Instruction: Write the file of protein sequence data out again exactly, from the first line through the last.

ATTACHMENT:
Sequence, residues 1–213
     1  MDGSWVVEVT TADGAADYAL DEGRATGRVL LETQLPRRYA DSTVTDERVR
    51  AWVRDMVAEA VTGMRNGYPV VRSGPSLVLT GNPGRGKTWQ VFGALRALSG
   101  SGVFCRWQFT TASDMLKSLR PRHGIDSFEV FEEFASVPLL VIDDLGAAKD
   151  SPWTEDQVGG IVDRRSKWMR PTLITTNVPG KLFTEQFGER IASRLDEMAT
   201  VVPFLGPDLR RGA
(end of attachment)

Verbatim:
Sequence, residues 1–213
     1  MDGSWVVEVT TADGAADYAL DEGRATGRVL LETQLPRRYA DSTVTDERVR
    51  AWVRDMVAEA VTGMRNGYPV VRSGPSLVLT GNPGRGKTWQ VFGALRALSG
   101  SGVFCRWQFT TASDMLKSLR PRHGIDSFEV FEEFASVPLL VIDDLGAAKD
   151  SPWTEDQVGG IVDRRSKWMR PTLITTNVPG KLFTEQFGER IASRLDEMAT
   201  VVPFLGPDLR RGA